Profesionales de la Educación Bilingüe

Dr. Gina Oxbrow

A brief CV


Gina Oxbrow is a lecturer in Modern Languages (English major) and the Associate Dean for International Relations and Gender Equality for the Faculty of Philology at the University de Las Palmas de Gran Canaria, where she has been teaching since 1989. She holds degrees in ‘Spanish Language and Literature’ with French (University of Leeds, UK) and ‘English Language and Literature’ (‘Filologia Inglesa’, Universidad de La Laguna, Spain), the RSA Diploma in TEFLA (International House, London), and completed her PhD dissertation in 2003 on the effect of integrated training in indirect learning strategies on writing skills development. Her research interests include the implementation and design of CLIL methodology teacher training programmes, integrated training in language learning strategies, reflective teaching, the role of metacognition in second language acquisition, intercultural competence, and motivational issues in language learning and teaching contexts. She is a member of the nationally funded MON-CLIL (2014-2018) and ADiBE (2020-2022) research groups in coordination with the Universidad de Jaén, and has published articles in several prestigious national and international journals on a range of related topics.


The CLIL ‘Overspill’: Addressing Motivational Issues and Diversity in the EFL Classroom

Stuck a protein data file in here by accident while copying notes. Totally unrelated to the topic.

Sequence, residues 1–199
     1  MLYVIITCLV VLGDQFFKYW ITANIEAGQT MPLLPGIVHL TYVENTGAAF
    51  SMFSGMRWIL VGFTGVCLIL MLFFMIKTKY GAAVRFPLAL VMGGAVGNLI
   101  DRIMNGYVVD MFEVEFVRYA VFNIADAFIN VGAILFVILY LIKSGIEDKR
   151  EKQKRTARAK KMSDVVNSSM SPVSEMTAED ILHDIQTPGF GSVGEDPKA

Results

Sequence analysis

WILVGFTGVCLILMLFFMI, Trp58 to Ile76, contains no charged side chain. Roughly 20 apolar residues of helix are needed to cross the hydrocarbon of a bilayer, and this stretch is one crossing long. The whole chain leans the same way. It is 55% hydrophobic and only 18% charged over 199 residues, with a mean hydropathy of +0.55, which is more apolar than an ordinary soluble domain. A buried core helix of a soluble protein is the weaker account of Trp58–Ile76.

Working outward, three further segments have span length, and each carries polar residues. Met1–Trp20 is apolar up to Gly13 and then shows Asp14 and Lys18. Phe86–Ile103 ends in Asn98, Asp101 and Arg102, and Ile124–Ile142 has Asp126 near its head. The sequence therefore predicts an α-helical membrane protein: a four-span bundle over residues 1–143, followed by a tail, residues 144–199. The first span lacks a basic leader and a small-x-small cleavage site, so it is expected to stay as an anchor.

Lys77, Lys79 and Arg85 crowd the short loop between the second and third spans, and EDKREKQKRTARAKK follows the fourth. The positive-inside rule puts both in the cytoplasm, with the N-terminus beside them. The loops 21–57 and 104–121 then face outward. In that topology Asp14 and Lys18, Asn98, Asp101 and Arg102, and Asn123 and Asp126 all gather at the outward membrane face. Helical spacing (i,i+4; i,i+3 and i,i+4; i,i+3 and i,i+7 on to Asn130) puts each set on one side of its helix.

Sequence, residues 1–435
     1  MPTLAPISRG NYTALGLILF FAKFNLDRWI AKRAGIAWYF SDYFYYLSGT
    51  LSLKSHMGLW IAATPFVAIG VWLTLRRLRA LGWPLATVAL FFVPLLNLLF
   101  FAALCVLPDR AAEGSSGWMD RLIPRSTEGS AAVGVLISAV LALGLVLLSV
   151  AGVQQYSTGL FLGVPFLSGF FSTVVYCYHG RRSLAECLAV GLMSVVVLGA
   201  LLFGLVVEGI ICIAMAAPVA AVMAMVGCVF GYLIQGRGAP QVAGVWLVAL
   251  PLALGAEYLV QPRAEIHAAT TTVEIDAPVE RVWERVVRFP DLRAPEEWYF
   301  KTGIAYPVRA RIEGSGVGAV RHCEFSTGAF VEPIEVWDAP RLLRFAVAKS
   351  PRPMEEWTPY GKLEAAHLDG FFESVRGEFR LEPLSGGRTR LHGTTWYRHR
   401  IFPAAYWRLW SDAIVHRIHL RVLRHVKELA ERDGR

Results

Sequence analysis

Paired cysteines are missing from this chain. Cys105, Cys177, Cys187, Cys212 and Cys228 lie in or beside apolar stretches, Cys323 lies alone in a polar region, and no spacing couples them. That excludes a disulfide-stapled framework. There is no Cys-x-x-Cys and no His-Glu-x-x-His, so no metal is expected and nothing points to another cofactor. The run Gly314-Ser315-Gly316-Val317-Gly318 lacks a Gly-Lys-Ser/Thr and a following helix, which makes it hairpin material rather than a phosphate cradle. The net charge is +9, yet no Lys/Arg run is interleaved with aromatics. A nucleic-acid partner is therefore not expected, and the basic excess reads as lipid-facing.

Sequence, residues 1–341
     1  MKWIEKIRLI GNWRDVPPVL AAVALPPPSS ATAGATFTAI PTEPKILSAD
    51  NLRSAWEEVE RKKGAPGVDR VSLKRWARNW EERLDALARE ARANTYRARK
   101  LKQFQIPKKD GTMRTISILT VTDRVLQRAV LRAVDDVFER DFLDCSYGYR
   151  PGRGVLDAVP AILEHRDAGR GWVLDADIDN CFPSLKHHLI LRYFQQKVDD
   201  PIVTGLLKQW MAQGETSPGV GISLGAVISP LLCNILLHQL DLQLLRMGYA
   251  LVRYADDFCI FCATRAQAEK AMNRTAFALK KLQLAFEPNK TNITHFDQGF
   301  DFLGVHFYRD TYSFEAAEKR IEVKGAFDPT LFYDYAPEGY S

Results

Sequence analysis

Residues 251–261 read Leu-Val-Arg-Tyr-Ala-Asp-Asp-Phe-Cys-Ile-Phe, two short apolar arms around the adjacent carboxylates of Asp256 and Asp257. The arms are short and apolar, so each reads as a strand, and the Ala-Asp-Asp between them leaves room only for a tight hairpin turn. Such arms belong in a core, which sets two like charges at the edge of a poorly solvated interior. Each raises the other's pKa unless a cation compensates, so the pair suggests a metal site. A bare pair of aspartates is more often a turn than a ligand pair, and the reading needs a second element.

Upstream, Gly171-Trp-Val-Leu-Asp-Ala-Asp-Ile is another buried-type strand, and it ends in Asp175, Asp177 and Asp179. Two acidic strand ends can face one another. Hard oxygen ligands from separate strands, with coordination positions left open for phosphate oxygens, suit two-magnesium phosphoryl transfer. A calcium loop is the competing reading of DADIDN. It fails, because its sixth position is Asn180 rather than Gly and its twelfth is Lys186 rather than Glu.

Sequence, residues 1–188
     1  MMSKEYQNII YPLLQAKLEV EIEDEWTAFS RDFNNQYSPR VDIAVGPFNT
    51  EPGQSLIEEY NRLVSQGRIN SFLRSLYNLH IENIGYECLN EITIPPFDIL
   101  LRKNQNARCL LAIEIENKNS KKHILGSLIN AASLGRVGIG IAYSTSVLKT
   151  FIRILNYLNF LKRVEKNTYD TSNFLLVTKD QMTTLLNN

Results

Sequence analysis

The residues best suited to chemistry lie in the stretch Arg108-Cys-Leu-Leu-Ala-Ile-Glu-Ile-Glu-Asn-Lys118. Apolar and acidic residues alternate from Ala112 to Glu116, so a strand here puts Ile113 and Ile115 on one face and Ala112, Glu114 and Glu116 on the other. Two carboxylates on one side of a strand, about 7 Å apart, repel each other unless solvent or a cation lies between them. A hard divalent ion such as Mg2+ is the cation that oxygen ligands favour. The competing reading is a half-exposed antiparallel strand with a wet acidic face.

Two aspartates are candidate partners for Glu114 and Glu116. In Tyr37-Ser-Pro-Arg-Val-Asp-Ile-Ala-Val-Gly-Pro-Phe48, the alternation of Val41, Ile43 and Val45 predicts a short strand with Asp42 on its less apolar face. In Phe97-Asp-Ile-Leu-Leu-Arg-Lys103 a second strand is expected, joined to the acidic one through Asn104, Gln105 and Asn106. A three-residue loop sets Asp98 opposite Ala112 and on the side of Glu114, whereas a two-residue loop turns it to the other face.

Despite the ever-growing body of sturdy empirical research evidence highlighting the link between increased motivation and improved learning outcomes in CLIL contexts, there now seems to be a need to explore the multi-layered nature of learners’ motivational profiles, along with a range of intervening individual and contextual variables, in order to maximise learning potential for all types of learners. This has become more evident in our local university context which is characterised by notable diversity in the EFL and EMI classes offered by the Faculty of Philology at the ULPGC in terms of entry-level proficiency and motivational types. We shall attempt to address this supplementary need for further exploring the drive to learn English as a Foreign Language (EFL) based on Dörnyei’s (2009) ‘Motivational Self System’ (MSS), factoring in the individual variables of motivational type, previous experience (CLIL and non-CLIL backgrounds) or overseas experience and learner expectations, along with contextual variables such as teaching methodology, as a means to explore the diversity of our learners’ motivation and its relationship with heightened learning success, particularly in terms of lexical availability.

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